As published in the Immigration Daily on November 14, 2023
This is the first of four articles on the notice of proposed rulemaking, “Modernizing H-1B Requirements, Providing Flexibility in the F-1 Program, and Program Improvements Affecting Other Nonimmigrant Workers,” published in the Federal Register on 10/23/23. Written comments are due on or before 12/22/23.
USCIS is proposing a beneficiary centric registration system to replace its disastrous sponsoring organization registration system which has spawned unheard-of levels of abuse. In the proposal, it will not matter how many times an individual is registered by multiple organizations as that will only result in one registration, with USCIS seemingly sarcastic logic being that this proposed registration system will then allow the beneficiary if selected to pick from among sponsoring organizations to obtain the best terms of employment. In answer to concerns like ours that USCIS should go back to its old system which produced between 190,000-200,000 petitions in pre-registration days as opposed to780,844 registrations most recently (See “H-1B Selection Process a Travesty-Time to Go ‘Back to the Future’”, 5/1/23 Immigration Daily, and “Another Call For “Back To The Future” Change of Policy for H-1B Cap Selections by January 2024”, 9/14/23 Immigration Daily), it said that “[W]hen DHS considered the immense cost savings that registration provides to both USCIS and stakeholders and the significant resources the agency would incur to revert back to a paper-based filing system for all cap-subject cases, the benefits of having a registration system still outweigh the costs and any potential problems caused by frivolous filings.”
We imagine the weighing of costs and benefits depends upon whose perspective – the cost-cutting agency or those whose dreams of staying in the US legally are cheated. Without a feasible solution, the situation becomes intolerable. In the recent FY-2024 registration, over half of the 780,844 registrations were from beneficiaries with multiple submissions – 350,103 of people with one application and 408,891 of people with more than one. USCIS statistics from the previous year even showed one beneficiary with 83 registrations.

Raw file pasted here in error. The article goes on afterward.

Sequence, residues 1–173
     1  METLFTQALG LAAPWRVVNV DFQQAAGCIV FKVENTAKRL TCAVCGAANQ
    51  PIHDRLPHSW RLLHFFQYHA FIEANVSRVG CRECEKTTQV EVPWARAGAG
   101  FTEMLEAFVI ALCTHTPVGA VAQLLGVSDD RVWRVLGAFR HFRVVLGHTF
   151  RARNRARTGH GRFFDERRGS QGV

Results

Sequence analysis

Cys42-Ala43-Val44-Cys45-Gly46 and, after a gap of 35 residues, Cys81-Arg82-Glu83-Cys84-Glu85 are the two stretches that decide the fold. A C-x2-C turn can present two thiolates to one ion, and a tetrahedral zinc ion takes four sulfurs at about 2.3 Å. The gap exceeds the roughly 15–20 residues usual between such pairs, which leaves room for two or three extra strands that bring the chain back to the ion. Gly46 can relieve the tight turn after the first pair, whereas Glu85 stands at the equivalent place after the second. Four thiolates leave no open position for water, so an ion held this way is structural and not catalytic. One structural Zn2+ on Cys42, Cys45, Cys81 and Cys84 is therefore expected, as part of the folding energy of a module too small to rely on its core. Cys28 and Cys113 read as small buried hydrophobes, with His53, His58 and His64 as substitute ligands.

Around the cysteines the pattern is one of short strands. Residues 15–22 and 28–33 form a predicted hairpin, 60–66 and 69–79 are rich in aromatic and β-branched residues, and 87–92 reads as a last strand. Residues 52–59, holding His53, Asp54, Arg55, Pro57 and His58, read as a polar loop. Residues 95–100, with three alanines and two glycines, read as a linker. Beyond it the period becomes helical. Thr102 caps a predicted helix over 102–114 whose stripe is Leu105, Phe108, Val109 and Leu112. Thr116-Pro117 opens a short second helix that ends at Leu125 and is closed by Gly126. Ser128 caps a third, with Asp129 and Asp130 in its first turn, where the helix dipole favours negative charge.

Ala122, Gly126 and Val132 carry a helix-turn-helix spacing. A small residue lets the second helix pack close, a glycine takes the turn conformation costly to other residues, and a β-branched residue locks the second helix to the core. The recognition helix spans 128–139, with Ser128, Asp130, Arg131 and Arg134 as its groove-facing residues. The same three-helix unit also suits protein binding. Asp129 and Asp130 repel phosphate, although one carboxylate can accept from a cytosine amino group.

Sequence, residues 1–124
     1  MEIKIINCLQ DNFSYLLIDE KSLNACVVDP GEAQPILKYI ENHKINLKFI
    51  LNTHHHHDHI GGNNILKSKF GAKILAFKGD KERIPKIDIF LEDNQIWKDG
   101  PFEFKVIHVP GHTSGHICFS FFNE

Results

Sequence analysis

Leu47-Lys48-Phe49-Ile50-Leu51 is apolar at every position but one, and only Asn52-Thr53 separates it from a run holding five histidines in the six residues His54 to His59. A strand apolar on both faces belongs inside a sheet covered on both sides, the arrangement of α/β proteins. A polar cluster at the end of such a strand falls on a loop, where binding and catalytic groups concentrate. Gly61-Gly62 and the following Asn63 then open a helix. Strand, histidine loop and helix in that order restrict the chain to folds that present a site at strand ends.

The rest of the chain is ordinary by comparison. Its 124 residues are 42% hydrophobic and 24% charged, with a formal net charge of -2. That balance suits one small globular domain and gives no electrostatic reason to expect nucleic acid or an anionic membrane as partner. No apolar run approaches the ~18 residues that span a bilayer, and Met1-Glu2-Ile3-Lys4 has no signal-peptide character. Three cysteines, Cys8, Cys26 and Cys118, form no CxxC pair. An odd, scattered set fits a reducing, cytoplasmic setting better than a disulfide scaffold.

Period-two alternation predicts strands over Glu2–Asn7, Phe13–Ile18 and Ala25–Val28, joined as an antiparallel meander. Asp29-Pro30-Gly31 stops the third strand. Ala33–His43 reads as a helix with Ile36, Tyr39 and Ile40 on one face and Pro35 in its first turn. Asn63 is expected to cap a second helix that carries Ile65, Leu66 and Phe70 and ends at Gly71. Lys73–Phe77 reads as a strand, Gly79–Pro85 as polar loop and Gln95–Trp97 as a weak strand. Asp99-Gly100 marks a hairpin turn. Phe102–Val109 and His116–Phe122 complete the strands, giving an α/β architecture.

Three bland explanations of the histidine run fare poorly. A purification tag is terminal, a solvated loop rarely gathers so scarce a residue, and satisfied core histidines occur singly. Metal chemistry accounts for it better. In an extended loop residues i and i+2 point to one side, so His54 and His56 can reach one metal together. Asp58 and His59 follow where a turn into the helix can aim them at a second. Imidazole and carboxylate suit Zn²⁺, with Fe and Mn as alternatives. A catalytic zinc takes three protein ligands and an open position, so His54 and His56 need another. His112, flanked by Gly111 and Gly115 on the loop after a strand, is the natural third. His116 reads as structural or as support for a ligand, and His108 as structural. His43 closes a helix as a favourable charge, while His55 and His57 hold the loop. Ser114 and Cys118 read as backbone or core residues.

Fortunately, the solution of the beneficiary centric registration system seems a feasible solution as it takes away the chief incentive of multiple registrations – the increasing of odds in being selected. However, the change must be done now and certainly in time for the next H-1B registration period. Such would appear to be a simple fix to the system, but there appears to be doubt expressed in the proposed rule that the system change will be done on time. While saying that DHS may seek to finalize the provisions relating to the registration system before moving to finalize other proposed revisions of the rule, it adds that DHS and USCIS cannot predict with certainty agency resources for the next few years or even when the final rule would publish and therefore, there is also the possibility that DHS would need to delay the effective date of the registration system change. Further that the delayed date might only apply to the proposed changes of the beneficiary centric selection process, and in explaining why, says that it may delay the effective date if it determines that USCIS does not have sufficient time to ensure proper functionality of the selection process, including completing all requisite user testing – and DHS might need to delay the effective date for other reasons such as to avoid confusion that could result if the final rule took effect too close to the start of the registration period for the upcoming cap season or to avoid disparate treatment of registrations if the final rule took effect in the middle of the initial registration period or during a subsequent registration and selection period, particularly if USCIS needed to open a subsequent registration period later that year.
It is clear that no one will stand for another year of an inept and outrageous H-1B cap registration system like we have been seeing since its inception regardless of what USCIS says about its weighing of costs and benefits. Even if USCIS has to pour more personnel and capital than planned into fixing the system either by implementing the beneficiary centric system or going back to the old system of petition filings, it must ensure that a clear change is made in time for the next registration period in Spring 2024.